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Proc Natl Acad Sci U S A. 2007 Apr 24;104(17):7015-20. Epub 2007 Apr 10.

Aldolase provides an unusual binding site for thrombospondin-related anonymous protein in the invasion machinery of the malaria parasite.

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  • 1Department of Biochemistry and Structural Genomics of Pathogenic Protozoa (SGPP) Consortium, University of Washington, Seattle, WA 98195, USA.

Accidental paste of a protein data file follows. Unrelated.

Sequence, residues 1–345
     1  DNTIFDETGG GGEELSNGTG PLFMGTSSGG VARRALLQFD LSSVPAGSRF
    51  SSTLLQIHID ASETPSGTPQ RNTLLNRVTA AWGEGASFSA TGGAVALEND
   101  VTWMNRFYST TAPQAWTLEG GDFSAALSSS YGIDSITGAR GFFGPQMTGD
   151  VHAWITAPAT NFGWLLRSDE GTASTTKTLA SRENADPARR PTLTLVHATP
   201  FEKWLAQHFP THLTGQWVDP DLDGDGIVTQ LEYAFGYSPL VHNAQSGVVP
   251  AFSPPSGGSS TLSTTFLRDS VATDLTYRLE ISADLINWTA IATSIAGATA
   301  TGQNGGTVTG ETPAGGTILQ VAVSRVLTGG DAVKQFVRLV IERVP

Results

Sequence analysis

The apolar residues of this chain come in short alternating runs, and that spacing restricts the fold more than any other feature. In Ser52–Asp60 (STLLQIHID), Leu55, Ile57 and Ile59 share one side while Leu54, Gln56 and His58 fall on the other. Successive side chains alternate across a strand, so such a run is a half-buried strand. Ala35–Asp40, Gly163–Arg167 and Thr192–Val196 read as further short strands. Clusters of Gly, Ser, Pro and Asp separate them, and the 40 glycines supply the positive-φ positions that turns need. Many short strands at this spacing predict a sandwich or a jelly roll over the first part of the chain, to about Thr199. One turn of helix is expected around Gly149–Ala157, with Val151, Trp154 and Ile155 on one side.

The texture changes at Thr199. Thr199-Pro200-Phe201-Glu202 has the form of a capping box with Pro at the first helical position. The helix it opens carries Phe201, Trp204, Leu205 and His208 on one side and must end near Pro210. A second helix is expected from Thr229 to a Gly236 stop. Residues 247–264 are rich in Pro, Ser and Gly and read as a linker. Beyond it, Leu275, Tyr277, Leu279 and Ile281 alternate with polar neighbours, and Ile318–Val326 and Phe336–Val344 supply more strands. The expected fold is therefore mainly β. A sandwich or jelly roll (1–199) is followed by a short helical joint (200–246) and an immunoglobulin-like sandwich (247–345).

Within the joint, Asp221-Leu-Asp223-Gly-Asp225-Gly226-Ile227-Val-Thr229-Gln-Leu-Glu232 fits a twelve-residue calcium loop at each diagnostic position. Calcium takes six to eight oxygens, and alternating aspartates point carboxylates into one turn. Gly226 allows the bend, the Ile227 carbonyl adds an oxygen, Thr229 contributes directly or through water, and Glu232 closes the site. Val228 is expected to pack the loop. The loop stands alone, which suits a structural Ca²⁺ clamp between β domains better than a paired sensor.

An actomyosin motor located underneath the plasma membrane drives motility and host-cell invasion of apicomplexan parasites such as Plasmodium falciparum and Plasmodium vivax, the causative agents of malaria. Aldolase connects the motor actin filaments to transmembrane adhesive proteins of the thrombospondin-related anonymous protein (TRAP) family and transduces the motor force across the parasite surface. The TRAP-aldolase interaction is a distinctive and critical trait of host hepatocyte invasion by Plasmodium sporozoites, with a likely similar interaction crucial for erythrocyte invasion by merozoites. Here, we describe 2.4-A and 2.7-A structures of P. falciparum aldolase (PfAldo) obtained from crystals grown in the presence of the C-terminal hexapeptide of TRAP from Plasmodium berghei. The indole ring of the critical penultimate Trp-residue of TRAP fits snugly into a newly formed hydrophobic pocket, which is exclusively delimited by hydrophilic residues: two arginines, one glutamate, and one glutamine. Comparison with the unliganded PfAldo structure shows that the two arginines adopt new side-chain rotamers, whereas a 25-residue subdomain, forming a helix-loop-helix unit, shifts upon binding the TRAP-tail. The structural data are in agreement with decreased TRAP binding after mutagenesis of PfAldo residues in and near the induced TRAP-binding pocket. Remarkably, the TRAP- and actin-binding sites of PfAldo seem to overlap, suggesting that both the plasticity of the aldolase active-site region and the multimeric nature of the enzyme are crucial for its intriguing nonenzymatic function in the invasion machinery of the malaria parasite.

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